Geneva – Migration policies must offer equal opportunities to migrate to both women and men to reduce women’s vulnerability during migration and to optimize the positive development impact of migration in communities of origin, says the International Organization for Migration (IOM), on the occasion of International Women’s Day 2010.
Although migrant women – representing 105 million people, close to half of the migrants worldwide — are increasingly involved in labour migration flows independently and as main income-earners, they are still not offered the same opportunities for legal migration as their male counter-parts and are therefore still often disproportionately affected by risks arising from mobility.
According to IOM Deputy Director General Ambassador Laura Thompson: “Although labour migration policies in countries of destination may appear gender-neutral, they continue to be biased and based on a model that focuses on skilled, traditionally male-dominated jobs. Those are the types of occupations mostly covered by permanent labour schemes.”
The work performed by women migrants, such as care and domestic services, although essential to the economies of destination countries, is frequently under-valued and poorly integrated in admission policies.
“We advocate for more gender-sensitive labour migration policies, acknowledging that men and women have different needs and opportunities, before, during and after migration. More opportunities to migrate legally would prevent a lot of women from getting trapped in irregular, exploitative and abusive situations, including human trafficking,” says Ambassador Thompson.
The lack of legal avenues for migration often forces women to resort to smugglers and other intermediaries, which greatly increases the risk of violence and abuse en route to their destination.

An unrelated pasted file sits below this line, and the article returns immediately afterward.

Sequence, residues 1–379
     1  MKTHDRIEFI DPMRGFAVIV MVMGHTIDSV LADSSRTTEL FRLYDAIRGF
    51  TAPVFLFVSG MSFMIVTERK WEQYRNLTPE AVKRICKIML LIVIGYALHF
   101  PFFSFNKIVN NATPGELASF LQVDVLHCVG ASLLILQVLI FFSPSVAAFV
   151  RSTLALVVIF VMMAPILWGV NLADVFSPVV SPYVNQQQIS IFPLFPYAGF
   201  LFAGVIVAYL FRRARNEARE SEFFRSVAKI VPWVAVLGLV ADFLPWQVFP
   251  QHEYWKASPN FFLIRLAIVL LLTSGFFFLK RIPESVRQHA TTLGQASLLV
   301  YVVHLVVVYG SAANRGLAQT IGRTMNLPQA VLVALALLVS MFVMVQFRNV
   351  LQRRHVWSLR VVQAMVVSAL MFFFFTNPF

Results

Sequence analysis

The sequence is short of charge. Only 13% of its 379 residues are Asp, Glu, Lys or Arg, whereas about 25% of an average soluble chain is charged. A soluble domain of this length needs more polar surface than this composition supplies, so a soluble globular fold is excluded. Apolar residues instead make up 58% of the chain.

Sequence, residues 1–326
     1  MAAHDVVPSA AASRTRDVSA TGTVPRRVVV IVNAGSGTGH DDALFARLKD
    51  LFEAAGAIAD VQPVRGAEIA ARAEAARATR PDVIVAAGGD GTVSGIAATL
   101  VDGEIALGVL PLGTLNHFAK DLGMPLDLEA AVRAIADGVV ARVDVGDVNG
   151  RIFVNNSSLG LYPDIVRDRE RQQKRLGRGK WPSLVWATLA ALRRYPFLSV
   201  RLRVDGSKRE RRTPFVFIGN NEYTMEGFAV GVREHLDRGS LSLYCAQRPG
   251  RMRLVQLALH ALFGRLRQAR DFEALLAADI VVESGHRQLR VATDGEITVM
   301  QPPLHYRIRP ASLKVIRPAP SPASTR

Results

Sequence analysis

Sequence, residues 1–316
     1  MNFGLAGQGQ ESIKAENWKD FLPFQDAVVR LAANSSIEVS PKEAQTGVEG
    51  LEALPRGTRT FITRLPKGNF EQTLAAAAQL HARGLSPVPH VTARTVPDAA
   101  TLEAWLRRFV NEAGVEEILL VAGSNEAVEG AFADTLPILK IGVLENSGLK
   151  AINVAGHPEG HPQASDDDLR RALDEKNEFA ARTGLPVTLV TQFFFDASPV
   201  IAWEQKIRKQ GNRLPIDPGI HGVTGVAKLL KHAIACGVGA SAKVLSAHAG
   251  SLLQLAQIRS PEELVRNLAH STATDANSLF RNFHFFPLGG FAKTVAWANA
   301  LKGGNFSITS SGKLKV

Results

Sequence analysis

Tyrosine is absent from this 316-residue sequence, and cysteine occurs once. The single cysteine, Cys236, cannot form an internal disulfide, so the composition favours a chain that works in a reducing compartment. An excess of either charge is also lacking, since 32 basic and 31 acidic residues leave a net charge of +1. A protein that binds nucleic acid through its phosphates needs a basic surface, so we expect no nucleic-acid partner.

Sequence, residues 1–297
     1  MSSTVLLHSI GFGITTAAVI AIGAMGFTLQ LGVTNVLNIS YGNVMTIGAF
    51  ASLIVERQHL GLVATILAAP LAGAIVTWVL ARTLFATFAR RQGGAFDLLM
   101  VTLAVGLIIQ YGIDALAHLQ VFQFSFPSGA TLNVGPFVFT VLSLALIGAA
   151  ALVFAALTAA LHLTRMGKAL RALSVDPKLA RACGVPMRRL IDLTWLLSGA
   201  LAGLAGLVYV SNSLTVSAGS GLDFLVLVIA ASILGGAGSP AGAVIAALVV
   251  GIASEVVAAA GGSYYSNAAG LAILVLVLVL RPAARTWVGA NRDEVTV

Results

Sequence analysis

In the receiving countries, stereotypes and discrimination also often lead women to work in unregulated or poorly regulated sectors exposing them to abuses including limited freedom of movement, withholding of wages and documents, low pay, physical violence and sexual abuse.
Sending and destination countries cannot continue to turn a blind eye to the plight of these migrant women, the need for whose labour is actually increasing.
“These women are meeting a growing demand for care and support services in destination countries – a demand that has been largely unaffected by the global economic downturn. Receiving countries therefore need to promote and sustain the opening of legal migration channels providing decent employment opportunities and access to benefits. This is the only way migration can truly benefit both sending and receiving countries, as well as the migrants, their families and their communities,” Ambassador Thompson observes.
IOM’s recently published “Gender and Labour Migration in Asia” highlights how families back home can benefit from women’s migration.
It cites the case of Filipina domestic workers holding regular migration status in Italy who, through their remittances, are able to improve the housing, health and the socio-economic status of their family, and in particular, their children’s school prospects back home.
Female migrants send approximately the same amount of money home in remittances as male migrants. But research suggests that they tend to send a higher proportion of their income, which is generally lower than that of men. They also usually send money more regularly and for longer periods of time, mostly to other women left in charge of their children.
Regular migration status would help reduce the social cost of women’s migration by allowing them to return to visit their families more often, access decent work, earn more and send more money home to improve their families’ future.
“As we celebrate International Women’s Day, we need to reaffirm our commitment to women migrants and their empowerment. Our priority is to ensure that their migration experience is positive and a force for development. Let us all work towards achieving this goal,.” says Ambassador Thompson.